They caught me off guard again.
Just like that time when I was asked to assist with a silly dance number for a "casual" little "track and field day" which unsurprisingly turned out to be a sweltering ten hour goose-stepping bastardization of "fun" in a Japanese middle school. Or rather, as much "fun" as one could conceivably have during 'hell week' in training to be a Navy SEAL.
I can't blame them for unintentionally leaving out a few minute details here and there, but when the outcome is so blatantly beyond the expectations laid out in our weekly meeting, it's hard to not feel like that well-meaning but naive father who allows his teenage daughter to "have a few friends over," and "watch some movies." In the spirit of good sportsmanship, he even volunteers pizza and root beer floats. But he comes home betrayed. His beautiful home has been invaded--systematically trashed--shattered by loud music, and reeking of cheap alcohol; high school kids he's never met are doing keg-stands on his mahogany coffee table, necking on the leather couch without 'slipcovers,' and urinating off his second story balcony. There are baby goats swinging by their rhinestone collars from the kitchen ceiling fan, and midgets being tossed like horseshoes over the neighbor's hedge into his backyard pool.
In disbelief, he stands on the porch, mouth agape. Immobile.
The plain cheese pizza slips from his frozen hands, falling to the trampled, beer-soaked 'welcome' mat. Physically ejected from the doorway, the remnants of a failed "flaming sack o' poo" prank, pitifully burn out on the grass behind him.
Minus the poo and the booze, for those who profoundly suck at reading between the proverbial Japanese lines (re: 'me'), consequences like these are all too familiar at my school.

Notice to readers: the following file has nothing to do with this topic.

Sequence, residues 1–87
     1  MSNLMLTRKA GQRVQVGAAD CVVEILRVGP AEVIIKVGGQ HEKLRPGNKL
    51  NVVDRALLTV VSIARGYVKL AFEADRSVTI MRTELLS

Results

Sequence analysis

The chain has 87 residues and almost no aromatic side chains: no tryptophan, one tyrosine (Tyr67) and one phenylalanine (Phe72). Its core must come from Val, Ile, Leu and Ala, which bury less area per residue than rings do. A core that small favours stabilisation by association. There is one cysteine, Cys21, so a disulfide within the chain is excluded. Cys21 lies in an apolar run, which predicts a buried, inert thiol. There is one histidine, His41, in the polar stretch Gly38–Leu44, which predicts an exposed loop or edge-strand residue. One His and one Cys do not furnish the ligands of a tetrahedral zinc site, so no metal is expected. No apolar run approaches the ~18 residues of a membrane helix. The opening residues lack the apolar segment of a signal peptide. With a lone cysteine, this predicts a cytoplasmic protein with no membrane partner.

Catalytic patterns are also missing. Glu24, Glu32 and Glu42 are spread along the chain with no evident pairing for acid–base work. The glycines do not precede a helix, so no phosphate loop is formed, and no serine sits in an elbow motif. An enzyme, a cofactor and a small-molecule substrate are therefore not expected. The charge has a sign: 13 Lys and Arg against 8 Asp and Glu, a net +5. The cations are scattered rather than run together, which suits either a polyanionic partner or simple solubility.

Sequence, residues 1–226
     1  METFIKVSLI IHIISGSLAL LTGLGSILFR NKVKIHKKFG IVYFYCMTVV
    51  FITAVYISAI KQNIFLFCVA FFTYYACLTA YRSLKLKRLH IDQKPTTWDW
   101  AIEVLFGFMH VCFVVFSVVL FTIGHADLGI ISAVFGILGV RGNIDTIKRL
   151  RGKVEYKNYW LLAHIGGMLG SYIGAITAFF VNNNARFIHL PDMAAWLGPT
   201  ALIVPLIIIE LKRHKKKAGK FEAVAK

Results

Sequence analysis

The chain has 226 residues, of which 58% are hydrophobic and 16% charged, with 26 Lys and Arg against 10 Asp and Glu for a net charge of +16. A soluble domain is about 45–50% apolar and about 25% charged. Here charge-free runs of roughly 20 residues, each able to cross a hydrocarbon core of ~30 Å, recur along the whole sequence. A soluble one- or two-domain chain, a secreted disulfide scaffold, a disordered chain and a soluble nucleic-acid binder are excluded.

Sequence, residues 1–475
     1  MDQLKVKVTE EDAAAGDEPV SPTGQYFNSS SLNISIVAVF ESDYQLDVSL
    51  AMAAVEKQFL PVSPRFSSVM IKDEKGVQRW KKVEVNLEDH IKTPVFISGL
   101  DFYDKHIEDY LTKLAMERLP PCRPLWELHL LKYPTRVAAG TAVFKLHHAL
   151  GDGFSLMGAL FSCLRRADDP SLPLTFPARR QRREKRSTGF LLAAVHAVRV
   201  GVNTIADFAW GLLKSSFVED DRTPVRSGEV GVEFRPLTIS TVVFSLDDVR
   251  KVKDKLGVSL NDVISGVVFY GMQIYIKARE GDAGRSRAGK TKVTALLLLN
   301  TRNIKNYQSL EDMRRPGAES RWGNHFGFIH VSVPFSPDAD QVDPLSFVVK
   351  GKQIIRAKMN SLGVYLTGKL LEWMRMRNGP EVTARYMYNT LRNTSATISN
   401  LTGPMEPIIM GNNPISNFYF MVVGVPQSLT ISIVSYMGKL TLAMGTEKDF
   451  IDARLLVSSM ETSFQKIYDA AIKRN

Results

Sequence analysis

They royally burned me again last weekend, for what I naively assumed to be another minor school advertising/showoff day where we put our happy faces on and piddle around in some makeshift pristine classroom setting in front of more unresponsive prospects. Nothing more than another routine oiling of the "plopaganda" machine, right? What can I say? We sing our little English songs, do our little English dance, play "pin the hamburger on the foreigner's face," and then I get to go home before 2:00, none the wiser.
But it wasn't another PR stunt on Saturday. I should have known this a full month ago when afternoon class time was mysteriously replaced with preparations and programming for "gakushu happyoukai (lit: 'learning recital')." I took it as a blessing--divine relief from repeated ball-busting sessions at the diminutive hands of the 2nd grade homeroom. Several weeks too late, the bliss came to a crashing halt the night before the main event, when I found myself still at the office at 8pm translating, transcribing, cursing, printing, and then folding some 400 copies of a drama speech script, scheduled to follow the schoolgirl dance troupe, but precede the bare-knuckle karate street fight "demonstration."
Naturally, I cringed when they asked me for help in hanging "a few things" from the auditorium rafters later that same night. Hang what? My fractured mind ran circles around the horror of the possibilities apparent in a month's worth of clandestine preparations. Fuel hoses for the pyrotechnics? A live chimpanzee obstacle course? Human-sized birdcages wherein gyrating strippers would throw candied umeboshi and dried squid to a delighted audience?
You can imagine my relief when it was just a few boards of poster paper spelling out the event's name.
Fool me once, burn up in my face, shame on me. Fool me twice, shame on me again for not learning to properly read between the Japanese lines. Next time, swear to god I'll be ready.
You say "English Club open house" and I'm bringing my M-16 and a case full of ammunition.
And dollar bills for the strippers.